Because the truth used to be a defense against libel. However, with the swing to the far right (not a party swing, but the whole country, including both parties are swinging that way for some topics), freedom of speech is being trampled. There are already states where true statements about some protected industry is illegal if the statement is negative. Now you can't say anything to get someone fired, even if true.

    What's interesting here is the suit is not a libel suit. The suit was prosecuted on the basis of he wrote that maliciously for the purpose of getting the plaintiff fired; so libel or defamation is not a claim made in the suit.

    The plaintiff could not sue for defamation or libel, if he tried, he would have failed, due to the truth of the information. The article mentioned

    Jane Kirtley, a U of M professor of media law and ethics, called the lawsuit an example of "trash torts," in which someone unable to sue for libel, which by definition involves falsity, reaches for another legal claim. She predicted the verdict will be overturned.

    The verdict also surprised U of M law professor William McGeveran, but he wasn't so certain that it will be easily overturned. Appeals courts tend to give a lot of credence to jury verdicts, he said.

  • by Unequivocal ( 155957 ) on Monday March 14, 2011 @10:33PM (#35487290)

    Hang on - juries don't just decide facts. They are *instructed in the law* by the judge, and are told to follow it. In their deliberations, they are legally obliged to follow this law and decide the facts. (Aside: It's quite illegal in jurisdictions I'm familiar with for a juror in the jury room to say and then follow through by voting on a statement like "I don't care what the law says, I'm not convicting this guy even if he is guilty" while it is perfectly legal for the same juror to keep his trap shut and just vote "not guilty.")

    In this case the claim against the blogger was tortious interference, which roughly means proving not only are the facts as you presented them, but proving the blogger had intent to interfere with a contract between the plaintiff and a third party (in this case an employment agreement with a university). From the limited info in the article, the plaintiff may have gotten over that hurdle, at least partially, by showing that the blogger himself subsequent to the original blog took *partial* credit on a second blog article for getting the guy fired. This could help show intent to interfere with the employment contact. So, while it might be unambiguous free speech to publish or point out public information with no intent to cause harm, if the blogger is shown to have done so because he intended to screw up a legal contract, that may be a different issue.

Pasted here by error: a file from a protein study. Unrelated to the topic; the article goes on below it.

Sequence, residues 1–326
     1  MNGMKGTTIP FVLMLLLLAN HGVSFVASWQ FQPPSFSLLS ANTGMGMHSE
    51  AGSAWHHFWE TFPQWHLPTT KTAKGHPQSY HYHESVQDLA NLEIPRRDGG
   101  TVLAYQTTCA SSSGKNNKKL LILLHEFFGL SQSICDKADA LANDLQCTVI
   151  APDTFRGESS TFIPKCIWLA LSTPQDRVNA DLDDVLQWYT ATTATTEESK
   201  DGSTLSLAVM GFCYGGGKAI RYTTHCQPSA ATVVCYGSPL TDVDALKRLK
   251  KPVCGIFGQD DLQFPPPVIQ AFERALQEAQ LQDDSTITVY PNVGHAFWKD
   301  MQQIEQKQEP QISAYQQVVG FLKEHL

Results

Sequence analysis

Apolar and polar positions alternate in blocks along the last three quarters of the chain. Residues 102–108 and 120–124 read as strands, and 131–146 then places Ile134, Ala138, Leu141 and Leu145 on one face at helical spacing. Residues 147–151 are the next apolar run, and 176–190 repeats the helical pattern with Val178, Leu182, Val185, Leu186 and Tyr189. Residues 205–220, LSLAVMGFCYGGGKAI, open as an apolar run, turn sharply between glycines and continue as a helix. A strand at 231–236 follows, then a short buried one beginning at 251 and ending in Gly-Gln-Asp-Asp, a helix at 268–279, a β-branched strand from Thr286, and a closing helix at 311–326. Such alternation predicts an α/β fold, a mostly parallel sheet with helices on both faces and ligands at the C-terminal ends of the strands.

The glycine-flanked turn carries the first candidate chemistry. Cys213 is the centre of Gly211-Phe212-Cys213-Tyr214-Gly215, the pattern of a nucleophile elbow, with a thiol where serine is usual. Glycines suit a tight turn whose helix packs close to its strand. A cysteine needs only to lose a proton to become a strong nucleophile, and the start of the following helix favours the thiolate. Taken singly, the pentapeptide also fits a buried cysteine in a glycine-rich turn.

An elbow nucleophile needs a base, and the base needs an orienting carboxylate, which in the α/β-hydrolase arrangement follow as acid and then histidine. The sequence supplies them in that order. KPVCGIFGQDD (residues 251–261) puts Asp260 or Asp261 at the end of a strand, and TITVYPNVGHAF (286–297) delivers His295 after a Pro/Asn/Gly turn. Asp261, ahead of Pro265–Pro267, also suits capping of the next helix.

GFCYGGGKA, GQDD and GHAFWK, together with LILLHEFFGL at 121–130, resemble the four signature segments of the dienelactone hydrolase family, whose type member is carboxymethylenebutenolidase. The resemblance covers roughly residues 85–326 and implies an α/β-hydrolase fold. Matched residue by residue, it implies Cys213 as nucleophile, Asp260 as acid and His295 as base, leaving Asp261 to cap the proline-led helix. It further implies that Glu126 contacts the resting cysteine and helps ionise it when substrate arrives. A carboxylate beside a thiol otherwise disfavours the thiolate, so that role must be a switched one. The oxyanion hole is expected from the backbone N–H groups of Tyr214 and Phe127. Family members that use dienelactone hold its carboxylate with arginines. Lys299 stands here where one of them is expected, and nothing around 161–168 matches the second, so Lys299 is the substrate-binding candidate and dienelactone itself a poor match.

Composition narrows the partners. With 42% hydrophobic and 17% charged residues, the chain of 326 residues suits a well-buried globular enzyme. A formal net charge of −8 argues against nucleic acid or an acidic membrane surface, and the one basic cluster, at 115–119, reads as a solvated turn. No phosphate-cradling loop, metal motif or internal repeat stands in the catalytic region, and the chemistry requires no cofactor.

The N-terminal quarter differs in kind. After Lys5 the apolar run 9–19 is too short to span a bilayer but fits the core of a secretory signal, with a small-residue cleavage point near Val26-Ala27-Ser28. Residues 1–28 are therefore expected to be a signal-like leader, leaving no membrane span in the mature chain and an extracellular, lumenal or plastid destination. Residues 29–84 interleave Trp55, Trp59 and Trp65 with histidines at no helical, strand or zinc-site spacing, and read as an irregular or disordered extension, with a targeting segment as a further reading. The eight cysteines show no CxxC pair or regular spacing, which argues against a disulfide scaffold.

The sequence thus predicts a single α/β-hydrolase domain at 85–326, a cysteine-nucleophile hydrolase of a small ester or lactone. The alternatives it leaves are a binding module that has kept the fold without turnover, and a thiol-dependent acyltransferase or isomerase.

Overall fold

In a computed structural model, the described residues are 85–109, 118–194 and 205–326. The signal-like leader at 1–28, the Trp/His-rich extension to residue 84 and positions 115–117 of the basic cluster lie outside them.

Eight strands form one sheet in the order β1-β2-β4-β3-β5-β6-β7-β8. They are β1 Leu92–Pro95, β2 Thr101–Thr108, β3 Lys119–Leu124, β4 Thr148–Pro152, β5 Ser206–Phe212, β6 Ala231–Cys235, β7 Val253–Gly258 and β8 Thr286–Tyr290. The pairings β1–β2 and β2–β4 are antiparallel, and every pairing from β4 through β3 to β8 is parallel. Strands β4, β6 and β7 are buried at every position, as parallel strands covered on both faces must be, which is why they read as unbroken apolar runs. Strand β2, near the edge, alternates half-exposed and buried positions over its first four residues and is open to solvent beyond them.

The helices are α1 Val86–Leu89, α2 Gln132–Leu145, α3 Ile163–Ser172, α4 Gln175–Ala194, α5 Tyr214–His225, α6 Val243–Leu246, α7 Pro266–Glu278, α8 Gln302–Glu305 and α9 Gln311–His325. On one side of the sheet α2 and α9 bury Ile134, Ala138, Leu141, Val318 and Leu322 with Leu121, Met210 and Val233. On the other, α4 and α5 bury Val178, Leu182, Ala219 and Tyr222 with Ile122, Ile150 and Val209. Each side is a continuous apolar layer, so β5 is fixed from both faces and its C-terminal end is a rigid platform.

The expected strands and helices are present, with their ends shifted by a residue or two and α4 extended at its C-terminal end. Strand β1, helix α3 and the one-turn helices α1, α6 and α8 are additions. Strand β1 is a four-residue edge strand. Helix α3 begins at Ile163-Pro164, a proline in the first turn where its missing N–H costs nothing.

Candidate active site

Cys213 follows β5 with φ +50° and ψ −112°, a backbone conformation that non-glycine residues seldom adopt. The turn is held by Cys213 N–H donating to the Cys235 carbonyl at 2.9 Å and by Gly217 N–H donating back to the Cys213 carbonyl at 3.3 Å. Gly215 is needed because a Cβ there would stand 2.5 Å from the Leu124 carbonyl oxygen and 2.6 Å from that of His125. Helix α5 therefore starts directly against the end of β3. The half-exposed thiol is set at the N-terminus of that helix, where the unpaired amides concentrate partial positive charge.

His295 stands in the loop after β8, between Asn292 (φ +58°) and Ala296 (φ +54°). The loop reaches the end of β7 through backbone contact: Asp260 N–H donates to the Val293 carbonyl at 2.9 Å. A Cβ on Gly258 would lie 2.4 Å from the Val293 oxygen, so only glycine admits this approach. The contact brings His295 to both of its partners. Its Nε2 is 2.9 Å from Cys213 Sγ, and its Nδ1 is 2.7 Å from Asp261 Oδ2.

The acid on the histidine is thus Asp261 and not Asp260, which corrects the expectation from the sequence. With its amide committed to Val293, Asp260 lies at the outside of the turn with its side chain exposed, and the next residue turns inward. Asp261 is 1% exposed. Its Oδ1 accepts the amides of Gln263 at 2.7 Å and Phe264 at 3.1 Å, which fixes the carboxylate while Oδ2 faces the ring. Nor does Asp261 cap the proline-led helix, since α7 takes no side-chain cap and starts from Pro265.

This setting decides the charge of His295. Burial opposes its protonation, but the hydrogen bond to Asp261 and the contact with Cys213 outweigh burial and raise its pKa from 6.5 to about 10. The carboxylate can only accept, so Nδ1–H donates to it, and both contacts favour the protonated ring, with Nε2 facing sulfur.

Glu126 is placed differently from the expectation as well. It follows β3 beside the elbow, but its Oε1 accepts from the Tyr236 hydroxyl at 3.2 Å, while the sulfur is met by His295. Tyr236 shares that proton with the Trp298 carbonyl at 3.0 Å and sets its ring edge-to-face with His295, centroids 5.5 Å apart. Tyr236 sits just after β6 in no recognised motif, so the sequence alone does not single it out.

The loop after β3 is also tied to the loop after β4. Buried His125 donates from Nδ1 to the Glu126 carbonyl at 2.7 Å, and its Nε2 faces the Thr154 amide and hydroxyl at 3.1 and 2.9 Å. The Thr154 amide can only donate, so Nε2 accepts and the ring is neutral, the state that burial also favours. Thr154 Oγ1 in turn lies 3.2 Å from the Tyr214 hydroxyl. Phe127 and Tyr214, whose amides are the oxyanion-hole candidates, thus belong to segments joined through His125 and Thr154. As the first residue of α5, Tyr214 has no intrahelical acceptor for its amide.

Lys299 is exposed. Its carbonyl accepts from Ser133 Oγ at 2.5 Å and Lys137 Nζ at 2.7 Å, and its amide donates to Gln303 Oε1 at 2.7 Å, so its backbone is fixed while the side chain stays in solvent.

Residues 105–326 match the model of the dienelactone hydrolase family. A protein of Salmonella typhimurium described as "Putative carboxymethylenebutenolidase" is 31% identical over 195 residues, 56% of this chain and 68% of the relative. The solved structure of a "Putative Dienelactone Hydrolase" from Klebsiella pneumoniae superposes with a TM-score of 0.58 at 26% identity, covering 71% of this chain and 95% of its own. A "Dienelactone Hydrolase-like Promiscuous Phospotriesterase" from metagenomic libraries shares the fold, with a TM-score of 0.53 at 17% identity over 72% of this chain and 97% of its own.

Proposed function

Regardless of the above legal issues, in my opinion, first amendment protections in a case like this should override a tortious interference claim, but apparently this (I'm sure legally astute) jury of *seven* went the other way. The perils of a jury trial -- I wonder why the defendant didn't ask for a bench trial in this case..

    If you want to see a classic example of tortious interference, watch the movie The Insider by Michael Mann. It shows (at least cinematically) how tortious interference claims can be used to stifle first amendment rights even against "big media" companies who have real lawyers.

  • by Anonymous Coward on Monday March 14, 2011 @11:31PM (#35487626)

    Unfortunately, TOR exit nodes are toxic. I ran a fully open tor exit node for 24 hours and got 4 C&D's for my trouble. You need a full time lawyer, or a lot of time spent tuning which traffic you relay. :-/

Mathemeticians stand on each other's shoulders while computer scientists stand on each other's toes. -- Richard Hamming